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The Sturgeon
As fish go, the Idaho white sturgeon is something of a mystery. According to Fred Partridge, a Senior Fisheries Research Biologist for the Idaho Department of Fish and Game, it is almost impossible to draw hard-and-fast conclusions about sturgeon. Though the fossil record dates back 100 million years to the Cretaceous period, sturgeon are docile, reclusive fish, choosing the Snake’s deepest holes and swiftest water as their homes.
Idaho sturgeon
"This prehistoric monster of the deep is fast becoming one of Idaho’s most popular game fish." -- Idaho fish ‘n’ hunt
Sturgeon are bottom-feeders, constantly rubbing against rocks and are therefore extremely resistant to tagging. Because they are difficult to keep track of, one study will claim sturgeon migrate, the next will insist they are territorial; one says they spawn in fast water, the next in deep eddies; one says they can live to be fifty years old, the next a century. No one disputes, however, that Idaho’s white sturgeon can grow to be stupendously big. A sepia photograph taken in 1898 shows a 1500-pound, 20-foot monster being dragged by a four-mule team onto a bank below Twin Falls.

Due to increasing pressure, concerns have surfaced about the number of sturgeon fishermen and their relative success. For that reason the Department of Fish and Game created a mandatory permit system in 1989. This permit records the length of each fish, where it was caught, and the number of hours spent fishing for each.

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    "Where to find Idaho's famed great White Strugeon"

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    History of the Snake River Plain
    The Bonneville Flood
    When the Teton Dam failed in 1976, it created a devastation torrent that killed several people and left millions of dollars of property damage. Yet, it was barely a trickle compared to the Bonneville Flood.

    About 14,000 years ago, Lake Bonneville covered much of Utah, Nevada, and parts of southern Idaho. It was really an inland sea, comparable to one of our modern Great Lakes.

    As the lake level rose, the water began to spill over Red Rock Pass near Preston, Idaho. The water eroded the pass until it cut through the hard rock and into a layer of softer soil. Once the softer material was exposed, the flow became a flood.

    The torrent crashed down the Portneuf River to where Pocatello is today, then sped downstream along the Snake. In the 300-square-mile Rupert Basin the water averaged 50 feet deep. It filled the entire Snake River Canyon where Twin Falls and Shoshone Falls are today and still spread out across the Snake River Plain.

    The flood ripped chunks from the walls of the canyon and carried boulders the size of cars along with it, rolling and polishing them as they tumbled. Giant gravel bars 100 feet high and a mile long are common in the canyon. There are hundreds of acres of melon-sized boulders left behind by the flood from Hagerman to Swan Falls.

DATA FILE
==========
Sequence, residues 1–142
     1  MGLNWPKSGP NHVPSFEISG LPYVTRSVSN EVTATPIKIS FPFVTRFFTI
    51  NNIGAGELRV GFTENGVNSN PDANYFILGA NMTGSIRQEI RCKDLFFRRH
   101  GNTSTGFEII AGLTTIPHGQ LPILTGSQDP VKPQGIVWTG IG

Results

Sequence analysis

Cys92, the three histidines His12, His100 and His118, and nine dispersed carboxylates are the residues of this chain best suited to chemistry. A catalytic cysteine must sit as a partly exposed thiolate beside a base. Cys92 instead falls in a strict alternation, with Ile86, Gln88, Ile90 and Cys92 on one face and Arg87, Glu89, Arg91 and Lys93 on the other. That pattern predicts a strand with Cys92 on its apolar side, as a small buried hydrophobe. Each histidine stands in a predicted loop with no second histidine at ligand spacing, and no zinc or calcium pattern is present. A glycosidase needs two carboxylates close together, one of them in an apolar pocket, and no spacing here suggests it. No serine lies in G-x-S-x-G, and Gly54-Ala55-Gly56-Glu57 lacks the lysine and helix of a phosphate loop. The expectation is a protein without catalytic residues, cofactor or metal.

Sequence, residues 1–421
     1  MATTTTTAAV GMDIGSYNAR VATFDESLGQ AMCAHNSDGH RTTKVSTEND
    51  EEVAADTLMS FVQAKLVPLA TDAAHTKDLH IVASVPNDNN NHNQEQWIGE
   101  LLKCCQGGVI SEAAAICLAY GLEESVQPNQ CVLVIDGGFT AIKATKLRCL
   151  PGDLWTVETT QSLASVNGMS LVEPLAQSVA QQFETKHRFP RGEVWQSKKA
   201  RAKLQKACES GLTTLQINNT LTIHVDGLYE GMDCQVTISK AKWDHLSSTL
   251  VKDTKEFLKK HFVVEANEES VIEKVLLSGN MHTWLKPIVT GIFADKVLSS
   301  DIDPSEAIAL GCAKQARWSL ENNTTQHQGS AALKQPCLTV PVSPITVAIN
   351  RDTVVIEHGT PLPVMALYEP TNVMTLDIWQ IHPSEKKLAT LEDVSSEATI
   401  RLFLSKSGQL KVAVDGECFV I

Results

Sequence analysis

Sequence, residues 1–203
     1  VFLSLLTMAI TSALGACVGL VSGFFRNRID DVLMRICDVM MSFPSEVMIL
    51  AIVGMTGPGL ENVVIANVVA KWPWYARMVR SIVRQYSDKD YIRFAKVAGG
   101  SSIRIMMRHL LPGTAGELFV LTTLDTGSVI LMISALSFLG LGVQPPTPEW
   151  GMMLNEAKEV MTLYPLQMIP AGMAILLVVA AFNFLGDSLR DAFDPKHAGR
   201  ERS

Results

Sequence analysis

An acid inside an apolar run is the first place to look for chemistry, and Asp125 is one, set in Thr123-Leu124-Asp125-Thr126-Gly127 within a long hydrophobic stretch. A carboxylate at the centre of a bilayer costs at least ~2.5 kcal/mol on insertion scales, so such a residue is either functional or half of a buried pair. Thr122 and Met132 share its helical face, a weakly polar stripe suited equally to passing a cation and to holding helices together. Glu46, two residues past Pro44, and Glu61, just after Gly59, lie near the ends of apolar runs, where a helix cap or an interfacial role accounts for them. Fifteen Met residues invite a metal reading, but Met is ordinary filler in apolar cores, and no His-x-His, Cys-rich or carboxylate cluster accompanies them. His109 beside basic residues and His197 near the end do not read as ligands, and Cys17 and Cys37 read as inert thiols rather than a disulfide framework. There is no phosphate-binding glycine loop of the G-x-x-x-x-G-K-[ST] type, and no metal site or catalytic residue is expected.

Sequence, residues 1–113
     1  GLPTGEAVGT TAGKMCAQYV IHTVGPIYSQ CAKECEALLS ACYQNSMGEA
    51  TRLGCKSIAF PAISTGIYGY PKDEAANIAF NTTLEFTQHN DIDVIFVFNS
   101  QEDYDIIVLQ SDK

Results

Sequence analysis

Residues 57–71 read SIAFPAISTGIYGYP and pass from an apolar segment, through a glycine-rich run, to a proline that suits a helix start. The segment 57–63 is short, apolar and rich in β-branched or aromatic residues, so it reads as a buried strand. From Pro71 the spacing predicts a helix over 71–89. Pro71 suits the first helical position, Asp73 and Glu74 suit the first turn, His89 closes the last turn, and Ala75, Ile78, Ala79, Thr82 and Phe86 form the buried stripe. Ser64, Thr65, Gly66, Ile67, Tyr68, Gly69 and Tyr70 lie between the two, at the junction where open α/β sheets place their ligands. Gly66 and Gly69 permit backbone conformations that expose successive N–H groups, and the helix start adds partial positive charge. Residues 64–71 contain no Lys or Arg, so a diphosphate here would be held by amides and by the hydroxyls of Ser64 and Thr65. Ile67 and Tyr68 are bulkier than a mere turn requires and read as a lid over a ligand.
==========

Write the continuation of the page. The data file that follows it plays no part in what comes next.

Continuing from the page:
At its peak, the Bonneville Flood rushed down the Snake River at a rate five or six times the flow of the Amazon. About 600 cubic miles of water passed through Idaho on its way to the Pacific, all in a matter of weeks. The Bonneville Flood was the second largest in the geologic history of Earth.

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      The Snake River

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      Three Island Crossing
      Three Island Crossing was a well-known, often dreaded, landmark on the Oregon Trail. When emigrants, on foot, in wagons, and on horseback reached the Snake River across from the modern day town of Glenns Ferry, they had a choice to make. They could continue on a branch of the Oregon Trail through the desert south of the Snake, or they could cross the treacherous river for the greener grass and shorter route on the other side. Most chose to cross the river, using two of the three islands. Not everyone made it with all their possessions. Wagons and carts were frequently swamped or overturned. Many horses, mules, and oxen lost their lives to the current.

      Crossing the river could be a terror for settlers. Staying on the south side was not a certain joy, either. As one emigrant said, in his 1843 diary, "This is, perhaps, the most rugged, desert and dreary country, between the western borders of the United States and the shores of the Pacific. It is nothing else than a wild, rocky barren wilderness, of wrecked and ruined Nature, a vast field of volcanic desolation."

      In 1869, Gus P. Glenn put an end to the agonizing, by starting a ferry service near the infamous crossing. Glenns Ferry is named for that early Idahoan’s business.

      Today, the story of the Oregon Trail is told at Three Island Crossing State Park, just off the interstate at Glenns Ferry.

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